Money in a Near-Cashless Society

Many models in macroeconomics leave out a seemingly important feature in an economy: money. As Laurence Meyer put it, “Money plays no explicit role in today’s consensus macro model. It plays virtually no role in the conduct of monetary policy, at least in the United States.”

This is even true in the field of monetary economics. For example, a popular graduate-level monetary economics textbook, Michael Woodford’s Interest & Prices: Foundations of a Theory of Monetary Policy, is built around a cashless economy. As Woodford writes, the model assumes there are “no transactions frictions that can be reduced through the use of money balances.” Instead, people in the model use credit for trading.

Many justifications have been given for leaving money out of the model. Most reasons are some variation of “Money doesn’t matter that much.” Woodford’s book and another famous textbook, by Jordi Gali, both note that the monetary base is small relative to nominal spending. They then use this fact (along with other empirical justifications) to argue that little of the effect of monetary policy on output can be attributed to monetary frictions. Therefore, the cashless economy, while not found in the real world, is a good approximation of a real-world economy with a small amount of cash.

A new paper posted online by Ricardo Lagos and Shengxing Zhang challenges Woodford’s and Gali’s justification. Using a new-monetarist model that explicitly models the frictions that make money essential, Lagos and Zhang argue that an economy with a little bit of money is not approximately the same as an economy with no money. There is a big difference between having a little money and having no money.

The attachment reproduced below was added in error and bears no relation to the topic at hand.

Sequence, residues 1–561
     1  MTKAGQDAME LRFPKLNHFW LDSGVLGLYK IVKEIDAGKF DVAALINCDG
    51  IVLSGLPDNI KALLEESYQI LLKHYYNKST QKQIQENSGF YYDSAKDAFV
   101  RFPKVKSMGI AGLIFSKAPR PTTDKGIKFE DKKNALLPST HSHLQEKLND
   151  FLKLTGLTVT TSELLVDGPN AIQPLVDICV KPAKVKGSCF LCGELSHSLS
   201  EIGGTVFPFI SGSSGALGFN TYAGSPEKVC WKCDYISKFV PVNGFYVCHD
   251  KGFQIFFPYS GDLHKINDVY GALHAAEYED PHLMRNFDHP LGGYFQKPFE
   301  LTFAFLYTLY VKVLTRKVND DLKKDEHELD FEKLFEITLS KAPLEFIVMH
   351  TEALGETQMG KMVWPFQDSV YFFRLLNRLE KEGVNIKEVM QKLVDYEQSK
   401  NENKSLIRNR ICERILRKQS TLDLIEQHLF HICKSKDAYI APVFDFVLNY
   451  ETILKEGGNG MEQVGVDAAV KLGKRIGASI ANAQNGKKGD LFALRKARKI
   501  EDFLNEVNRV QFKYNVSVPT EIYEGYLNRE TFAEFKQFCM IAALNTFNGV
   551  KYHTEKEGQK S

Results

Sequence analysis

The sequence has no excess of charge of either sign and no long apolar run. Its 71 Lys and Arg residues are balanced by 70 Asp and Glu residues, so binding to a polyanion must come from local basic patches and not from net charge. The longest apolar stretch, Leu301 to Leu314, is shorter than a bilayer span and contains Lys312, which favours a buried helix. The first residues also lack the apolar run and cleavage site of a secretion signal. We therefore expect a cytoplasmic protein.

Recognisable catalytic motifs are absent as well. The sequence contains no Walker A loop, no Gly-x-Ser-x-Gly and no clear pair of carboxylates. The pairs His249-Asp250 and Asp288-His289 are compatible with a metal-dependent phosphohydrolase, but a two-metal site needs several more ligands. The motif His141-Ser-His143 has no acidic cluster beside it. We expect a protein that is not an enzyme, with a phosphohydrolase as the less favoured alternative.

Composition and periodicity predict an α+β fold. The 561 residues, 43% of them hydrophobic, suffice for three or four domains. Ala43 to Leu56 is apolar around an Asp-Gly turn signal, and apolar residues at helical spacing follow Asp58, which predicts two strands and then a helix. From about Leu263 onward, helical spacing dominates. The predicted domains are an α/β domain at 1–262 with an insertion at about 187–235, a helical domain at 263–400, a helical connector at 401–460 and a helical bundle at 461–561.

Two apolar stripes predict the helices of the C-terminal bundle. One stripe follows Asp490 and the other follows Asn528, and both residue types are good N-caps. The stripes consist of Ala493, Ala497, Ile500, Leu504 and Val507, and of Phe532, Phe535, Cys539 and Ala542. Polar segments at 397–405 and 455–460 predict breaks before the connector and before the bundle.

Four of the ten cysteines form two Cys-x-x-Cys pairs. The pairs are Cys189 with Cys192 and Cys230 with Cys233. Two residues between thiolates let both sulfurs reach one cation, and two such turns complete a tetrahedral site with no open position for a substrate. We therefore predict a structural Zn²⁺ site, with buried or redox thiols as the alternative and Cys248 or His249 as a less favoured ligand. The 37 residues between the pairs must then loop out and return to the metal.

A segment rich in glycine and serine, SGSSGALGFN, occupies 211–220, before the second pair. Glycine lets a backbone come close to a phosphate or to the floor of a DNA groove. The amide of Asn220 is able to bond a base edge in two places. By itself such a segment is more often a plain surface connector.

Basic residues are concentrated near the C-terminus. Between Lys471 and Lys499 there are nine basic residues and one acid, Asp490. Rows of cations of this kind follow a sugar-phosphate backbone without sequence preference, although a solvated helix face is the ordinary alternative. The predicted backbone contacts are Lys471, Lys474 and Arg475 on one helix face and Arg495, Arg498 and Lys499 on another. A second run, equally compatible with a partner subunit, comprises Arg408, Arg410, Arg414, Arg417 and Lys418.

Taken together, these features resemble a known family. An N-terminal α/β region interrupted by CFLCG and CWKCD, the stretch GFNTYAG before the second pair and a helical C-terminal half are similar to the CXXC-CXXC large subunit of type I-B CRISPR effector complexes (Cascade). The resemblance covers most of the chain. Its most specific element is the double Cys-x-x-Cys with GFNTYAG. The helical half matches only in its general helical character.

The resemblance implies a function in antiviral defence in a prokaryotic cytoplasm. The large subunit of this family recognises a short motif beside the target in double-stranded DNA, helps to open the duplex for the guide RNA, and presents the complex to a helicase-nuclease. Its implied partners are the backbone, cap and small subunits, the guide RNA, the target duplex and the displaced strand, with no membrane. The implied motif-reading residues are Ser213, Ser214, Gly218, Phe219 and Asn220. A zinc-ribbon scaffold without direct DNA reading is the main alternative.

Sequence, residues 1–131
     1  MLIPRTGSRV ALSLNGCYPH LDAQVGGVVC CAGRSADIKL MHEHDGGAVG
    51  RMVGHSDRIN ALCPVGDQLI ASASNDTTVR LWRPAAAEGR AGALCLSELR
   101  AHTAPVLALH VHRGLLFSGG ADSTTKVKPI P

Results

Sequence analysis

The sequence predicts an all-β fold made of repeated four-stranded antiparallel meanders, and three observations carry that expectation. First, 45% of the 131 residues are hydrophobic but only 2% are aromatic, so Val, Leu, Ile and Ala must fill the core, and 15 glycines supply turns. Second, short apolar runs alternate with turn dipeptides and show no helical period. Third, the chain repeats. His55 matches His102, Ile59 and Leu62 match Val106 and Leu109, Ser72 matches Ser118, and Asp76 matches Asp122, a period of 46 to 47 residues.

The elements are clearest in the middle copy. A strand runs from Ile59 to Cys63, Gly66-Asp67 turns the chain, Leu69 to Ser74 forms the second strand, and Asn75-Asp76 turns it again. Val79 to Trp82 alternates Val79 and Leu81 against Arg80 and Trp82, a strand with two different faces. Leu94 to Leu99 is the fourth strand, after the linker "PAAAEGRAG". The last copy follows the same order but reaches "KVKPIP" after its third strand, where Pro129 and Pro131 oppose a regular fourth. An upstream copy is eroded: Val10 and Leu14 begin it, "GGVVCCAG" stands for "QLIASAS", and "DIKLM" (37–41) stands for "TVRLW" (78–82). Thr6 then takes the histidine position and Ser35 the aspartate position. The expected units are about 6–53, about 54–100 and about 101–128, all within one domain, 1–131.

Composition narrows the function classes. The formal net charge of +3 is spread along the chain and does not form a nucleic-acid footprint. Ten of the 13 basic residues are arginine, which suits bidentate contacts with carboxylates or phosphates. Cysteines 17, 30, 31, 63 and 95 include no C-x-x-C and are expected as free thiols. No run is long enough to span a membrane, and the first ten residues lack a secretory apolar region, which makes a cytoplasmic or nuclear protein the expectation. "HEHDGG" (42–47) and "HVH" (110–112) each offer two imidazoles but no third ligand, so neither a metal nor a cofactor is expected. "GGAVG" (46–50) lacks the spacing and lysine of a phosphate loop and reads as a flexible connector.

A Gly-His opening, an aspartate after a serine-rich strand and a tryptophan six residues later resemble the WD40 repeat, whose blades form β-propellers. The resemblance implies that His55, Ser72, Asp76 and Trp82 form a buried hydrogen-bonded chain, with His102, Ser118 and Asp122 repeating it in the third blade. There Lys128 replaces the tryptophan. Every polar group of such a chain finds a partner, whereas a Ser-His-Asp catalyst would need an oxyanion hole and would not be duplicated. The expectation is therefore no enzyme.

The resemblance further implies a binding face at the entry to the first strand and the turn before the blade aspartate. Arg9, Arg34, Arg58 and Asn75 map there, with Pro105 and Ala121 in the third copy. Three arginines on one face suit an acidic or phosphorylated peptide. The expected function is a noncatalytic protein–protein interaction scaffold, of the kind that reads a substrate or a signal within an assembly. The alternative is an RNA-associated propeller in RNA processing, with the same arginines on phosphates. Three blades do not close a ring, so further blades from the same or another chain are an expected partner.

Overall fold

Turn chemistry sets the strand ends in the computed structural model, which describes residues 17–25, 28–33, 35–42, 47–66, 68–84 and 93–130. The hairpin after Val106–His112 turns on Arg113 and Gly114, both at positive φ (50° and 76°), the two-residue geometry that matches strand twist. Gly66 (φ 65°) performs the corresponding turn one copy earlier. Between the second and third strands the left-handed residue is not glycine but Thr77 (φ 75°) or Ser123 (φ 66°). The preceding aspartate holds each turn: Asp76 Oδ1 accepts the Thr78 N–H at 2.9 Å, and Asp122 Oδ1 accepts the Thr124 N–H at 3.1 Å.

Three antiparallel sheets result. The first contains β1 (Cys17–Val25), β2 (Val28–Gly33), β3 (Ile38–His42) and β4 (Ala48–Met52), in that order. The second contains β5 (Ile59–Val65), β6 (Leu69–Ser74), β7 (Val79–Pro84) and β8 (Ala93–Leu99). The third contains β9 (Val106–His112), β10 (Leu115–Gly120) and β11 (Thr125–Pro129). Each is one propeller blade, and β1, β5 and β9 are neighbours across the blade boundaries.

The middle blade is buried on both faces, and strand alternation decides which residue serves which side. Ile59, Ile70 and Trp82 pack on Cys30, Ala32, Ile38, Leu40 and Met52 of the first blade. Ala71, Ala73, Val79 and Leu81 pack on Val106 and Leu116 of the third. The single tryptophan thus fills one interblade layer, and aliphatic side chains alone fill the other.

While the overall model is complicated, the mechanism is straightforward. The insight comes from seeing that money is a substitute for credit. In general, any good influences the market for its substitutes. In Econ 101, we talk about the market for natural gas influencing the price of petroleum. Here, money influences the market for credit.

It may be true that money is used in few transactions directly. But money could be used instead of credit. That option affects the terms of trade in the credit market. To use Frédéric Bastiat’s distinction, the “seen” is the small amount of money used but the “unseen” is its influence on other markets, particularly the credit market. All of these markets are intertwined. We need to keep our eyes open for the unseen.

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Brian C. Albrecht

Brian C. Albrecht is a Ph.D. student in the Department of Economics at the University of Minnesota. His research interests include political economy and monetary economics. He has published articles in scholarly journals, including the Journal of Economic Methodology and the NYU Journal of Law & Liberty.
 
Albrecht earned his M.A. in Economics from the University of Minnesota, his M.Sc. in Economics of Public Policy from the Barcelona Graduate School of Economics, and his B.A. in Physics and Political Science from St. Olaf College.